Month: August 2019

Fostering and Supporting Ethical Business in Immigration

Visit the Launch event of the IIA in Australia & New Zealand CLICK HERE

As businesses and people involved in the Immigration sector, we have an enormous responsibility to ensure that with all of our best efforts, clients and their families have a seamless experience when it comes to relocating and obtaining their visas.

A successful process requires between 100 and 127 contacts, depending on what and where the applicant is moving to, however, for the most part, it involves organisations such as: immigration agents, banks, tax advisors, relocation agents, removalists, education providers, real estate, vehicle sales and lease and so much more. A big responsibility for all businesses participating in the process.

The Immigration Industry Association started in London in 2017. The aim of the IIA is to foster business, provide network opportunities, organise education events and in the end collaboratively foster the quality of migration processes.

Apart from ethical responsibility, businesses in migration have to think in terms of business benefits. The migration industry holds many different disciplines. Research shows that enhancing networks of businesses increases the market share, efficiency and profits of the businesses involved. By providing opportunities to network and foster relationships among members of the different disciplines in the migration industry the IIA brings business benefits to the individual businesses and promotes professional services, provided by professional people within the industry. This can only have a positive effect on the end client.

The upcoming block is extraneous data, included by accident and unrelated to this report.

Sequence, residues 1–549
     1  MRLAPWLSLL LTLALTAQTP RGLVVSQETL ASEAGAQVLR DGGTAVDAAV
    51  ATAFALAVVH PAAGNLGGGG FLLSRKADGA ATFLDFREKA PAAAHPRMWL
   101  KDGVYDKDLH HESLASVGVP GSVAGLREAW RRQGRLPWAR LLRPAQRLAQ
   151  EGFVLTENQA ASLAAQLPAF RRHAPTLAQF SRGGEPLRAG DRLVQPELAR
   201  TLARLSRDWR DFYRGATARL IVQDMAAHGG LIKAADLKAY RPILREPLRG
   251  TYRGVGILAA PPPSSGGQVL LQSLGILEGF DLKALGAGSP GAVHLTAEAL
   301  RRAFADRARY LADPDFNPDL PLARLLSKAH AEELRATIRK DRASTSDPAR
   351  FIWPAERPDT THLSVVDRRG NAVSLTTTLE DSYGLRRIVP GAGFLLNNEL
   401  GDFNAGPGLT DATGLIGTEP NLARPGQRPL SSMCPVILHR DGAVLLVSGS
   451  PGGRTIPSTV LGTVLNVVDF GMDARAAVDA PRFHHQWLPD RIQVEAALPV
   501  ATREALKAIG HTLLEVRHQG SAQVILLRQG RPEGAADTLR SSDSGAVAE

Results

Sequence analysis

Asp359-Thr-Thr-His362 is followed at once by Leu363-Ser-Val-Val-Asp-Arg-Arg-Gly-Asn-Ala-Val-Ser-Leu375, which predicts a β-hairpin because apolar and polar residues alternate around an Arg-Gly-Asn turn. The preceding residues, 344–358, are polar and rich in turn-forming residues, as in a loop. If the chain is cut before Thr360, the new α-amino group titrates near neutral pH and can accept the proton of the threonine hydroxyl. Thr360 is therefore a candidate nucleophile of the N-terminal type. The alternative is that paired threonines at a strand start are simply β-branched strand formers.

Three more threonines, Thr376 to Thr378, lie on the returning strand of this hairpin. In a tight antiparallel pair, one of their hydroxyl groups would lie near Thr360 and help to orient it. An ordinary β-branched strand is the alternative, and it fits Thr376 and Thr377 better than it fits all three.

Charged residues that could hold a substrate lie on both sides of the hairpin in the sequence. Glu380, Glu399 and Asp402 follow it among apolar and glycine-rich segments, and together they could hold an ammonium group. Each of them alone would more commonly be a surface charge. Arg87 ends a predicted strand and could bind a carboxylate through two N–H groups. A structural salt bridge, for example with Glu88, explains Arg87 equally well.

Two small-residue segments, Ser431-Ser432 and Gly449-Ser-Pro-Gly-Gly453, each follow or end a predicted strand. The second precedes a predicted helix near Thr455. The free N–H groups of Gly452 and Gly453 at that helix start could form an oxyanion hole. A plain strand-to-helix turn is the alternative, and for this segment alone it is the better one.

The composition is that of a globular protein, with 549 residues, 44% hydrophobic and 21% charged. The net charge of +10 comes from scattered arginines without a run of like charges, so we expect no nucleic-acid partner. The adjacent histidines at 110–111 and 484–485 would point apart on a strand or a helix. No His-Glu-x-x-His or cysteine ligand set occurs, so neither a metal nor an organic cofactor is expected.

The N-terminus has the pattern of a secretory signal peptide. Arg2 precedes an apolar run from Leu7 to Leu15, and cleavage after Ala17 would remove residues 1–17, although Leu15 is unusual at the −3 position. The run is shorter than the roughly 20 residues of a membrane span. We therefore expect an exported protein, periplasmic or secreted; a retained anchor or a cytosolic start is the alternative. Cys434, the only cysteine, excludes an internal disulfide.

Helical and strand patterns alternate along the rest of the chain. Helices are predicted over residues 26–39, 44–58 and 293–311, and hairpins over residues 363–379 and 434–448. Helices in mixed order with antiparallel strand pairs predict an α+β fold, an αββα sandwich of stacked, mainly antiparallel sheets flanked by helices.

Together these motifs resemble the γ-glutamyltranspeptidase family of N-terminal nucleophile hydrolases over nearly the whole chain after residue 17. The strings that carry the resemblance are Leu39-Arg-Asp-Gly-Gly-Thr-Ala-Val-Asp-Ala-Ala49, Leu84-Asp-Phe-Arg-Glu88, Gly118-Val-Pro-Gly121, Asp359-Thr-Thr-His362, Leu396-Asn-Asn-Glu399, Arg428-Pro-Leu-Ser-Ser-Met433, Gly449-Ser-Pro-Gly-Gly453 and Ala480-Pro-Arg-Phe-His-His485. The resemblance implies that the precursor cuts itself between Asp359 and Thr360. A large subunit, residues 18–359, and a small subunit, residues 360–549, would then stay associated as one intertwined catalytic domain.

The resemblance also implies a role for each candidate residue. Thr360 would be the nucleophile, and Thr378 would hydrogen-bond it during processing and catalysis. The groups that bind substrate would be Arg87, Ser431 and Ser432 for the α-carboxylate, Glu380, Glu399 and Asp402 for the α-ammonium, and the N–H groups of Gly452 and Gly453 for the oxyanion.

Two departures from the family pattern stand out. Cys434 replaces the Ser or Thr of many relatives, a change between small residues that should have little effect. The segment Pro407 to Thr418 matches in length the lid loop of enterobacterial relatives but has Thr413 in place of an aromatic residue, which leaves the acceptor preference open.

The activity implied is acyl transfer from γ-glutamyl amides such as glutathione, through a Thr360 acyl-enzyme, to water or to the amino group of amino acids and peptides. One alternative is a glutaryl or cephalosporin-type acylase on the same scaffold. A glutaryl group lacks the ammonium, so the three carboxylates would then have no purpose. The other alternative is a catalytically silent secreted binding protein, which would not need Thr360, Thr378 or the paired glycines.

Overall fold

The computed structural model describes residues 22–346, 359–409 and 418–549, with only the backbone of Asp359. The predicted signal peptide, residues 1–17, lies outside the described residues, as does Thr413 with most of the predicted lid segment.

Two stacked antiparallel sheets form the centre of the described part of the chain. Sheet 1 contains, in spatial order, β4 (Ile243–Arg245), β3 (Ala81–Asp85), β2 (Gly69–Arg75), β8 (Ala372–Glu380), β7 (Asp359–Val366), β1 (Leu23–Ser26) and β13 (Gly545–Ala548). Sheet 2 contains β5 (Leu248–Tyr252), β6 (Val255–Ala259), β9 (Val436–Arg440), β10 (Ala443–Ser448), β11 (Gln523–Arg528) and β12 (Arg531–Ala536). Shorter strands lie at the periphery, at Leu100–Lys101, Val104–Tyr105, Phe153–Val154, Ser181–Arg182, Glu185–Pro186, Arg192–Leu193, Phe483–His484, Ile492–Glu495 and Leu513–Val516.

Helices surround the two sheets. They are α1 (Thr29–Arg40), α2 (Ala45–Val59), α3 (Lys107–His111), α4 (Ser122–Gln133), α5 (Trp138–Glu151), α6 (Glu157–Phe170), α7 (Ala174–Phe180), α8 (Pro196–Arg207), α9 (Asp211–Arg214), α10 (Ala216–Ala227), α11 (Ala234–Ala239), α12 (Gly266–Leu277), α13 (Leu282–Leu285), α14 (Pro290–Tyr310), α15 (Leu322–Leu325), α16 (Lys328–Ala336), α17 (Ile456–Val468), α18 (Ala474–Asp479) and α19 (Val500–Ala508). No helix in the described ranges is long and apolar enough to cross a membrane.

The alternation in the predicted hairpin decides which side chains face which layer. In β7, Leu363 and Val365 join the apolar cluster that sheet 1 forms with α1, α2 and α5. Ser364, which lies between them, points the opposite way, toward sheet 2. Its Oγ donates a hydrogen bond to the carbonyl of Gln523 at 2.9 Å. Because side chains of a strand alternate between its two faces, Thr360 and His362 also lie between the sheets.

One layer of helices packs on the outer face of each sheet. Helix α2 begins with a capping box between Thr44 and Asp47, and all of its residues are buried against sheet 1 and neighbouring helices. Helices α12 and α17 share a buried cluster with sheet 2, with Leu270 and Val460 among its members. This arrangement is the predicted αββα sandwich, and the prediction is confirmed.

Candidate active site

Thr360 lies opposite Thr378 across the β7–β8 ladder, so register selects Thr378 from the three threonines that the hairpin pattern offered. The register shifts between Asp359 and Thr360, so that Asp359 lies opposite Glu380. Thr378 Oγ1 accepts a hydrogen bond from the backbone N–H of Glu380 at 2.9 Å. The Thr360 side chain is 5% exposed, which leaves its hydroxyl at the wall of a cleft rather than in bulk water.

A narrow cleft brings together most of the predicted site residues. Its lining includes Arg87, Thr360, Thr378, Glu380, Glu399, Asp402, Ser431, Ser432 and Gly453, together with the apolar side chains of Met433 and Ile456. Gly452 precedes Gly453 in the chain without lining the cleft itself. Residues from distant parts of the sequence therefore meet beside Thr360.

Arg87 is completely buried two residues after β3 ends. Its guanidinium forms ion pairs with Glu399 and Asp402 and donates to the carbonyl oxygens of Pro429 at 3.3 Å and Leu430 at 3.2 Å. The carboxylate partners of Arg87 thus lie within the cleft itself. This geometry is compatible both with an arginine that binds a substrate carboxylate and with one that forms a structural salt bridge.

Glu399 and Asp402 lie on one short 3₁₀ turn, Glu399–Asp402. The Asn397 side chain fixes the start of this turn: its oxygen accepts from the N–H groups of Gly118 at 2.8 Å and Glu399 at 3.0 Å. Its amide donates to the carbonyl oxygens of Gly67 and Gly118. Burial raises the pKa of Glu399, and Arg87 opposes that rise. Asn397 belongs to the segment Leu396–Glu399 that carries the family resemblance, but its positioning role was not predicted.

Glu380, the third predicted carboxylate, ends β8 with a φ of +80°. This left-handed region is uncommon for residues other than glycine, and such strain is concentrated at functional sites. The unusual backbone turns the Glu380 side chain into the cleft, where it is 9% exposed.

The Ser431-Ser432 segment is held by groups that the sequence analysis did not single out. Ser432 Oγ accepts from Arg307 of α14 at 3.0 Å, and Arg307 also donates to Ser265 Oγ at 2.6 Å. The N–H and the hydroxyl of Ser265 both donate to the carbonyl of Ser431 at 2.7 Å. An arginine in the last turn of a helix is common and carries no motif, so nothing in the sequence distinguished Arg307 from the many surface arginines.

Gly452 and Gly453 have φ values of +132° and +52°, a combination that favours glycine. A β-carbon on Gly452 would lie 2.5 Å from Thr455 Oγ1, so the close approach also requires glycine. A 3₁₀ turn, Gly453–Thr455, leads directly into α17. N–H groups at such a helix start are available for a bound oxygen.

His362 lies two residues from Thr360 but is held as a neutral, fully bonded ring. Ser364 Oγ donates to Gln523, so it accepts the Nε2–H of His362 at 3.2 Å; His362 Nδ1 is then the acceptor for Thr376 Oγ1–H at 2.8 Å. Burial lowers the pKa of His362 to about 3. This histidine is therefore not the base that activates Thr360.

The IIA opens its doors for Australia and New-Zealand businesses at an event in Melbourne on the 14th of August.

CLICK HERE to register

If you are engaged in the Immigration Industry – become a member today –  join us on our launching event and be part of this thriving network!

CLICK HERE – to Book your place – It’s Free!

No Deal: What could this mean for my FX transfers?

Back in January of this year, when the Brexit date was set at 29 March 2019, we looked at the potential impact of the Brexit agreement on the Pound in the result of a ‘Soft’ or ‘Hard’ Brexit, using the XE Brexit Barometer.

Now with the process being delayed to 31 October, there is still uncertainty regarding how the UK will leave the EU, with Michael Gove confirming that the UK is ‘working on the assumption’ of a no-deal.

This year, the pound has been negatively affected by ongoing concerns of a disorderly Brexit and political uncertainty. What we do know is that you should prepare for all outcomes. So how can you prepare for a deal or no-deal Brexit?

What could happen to GBP on the 31st October?

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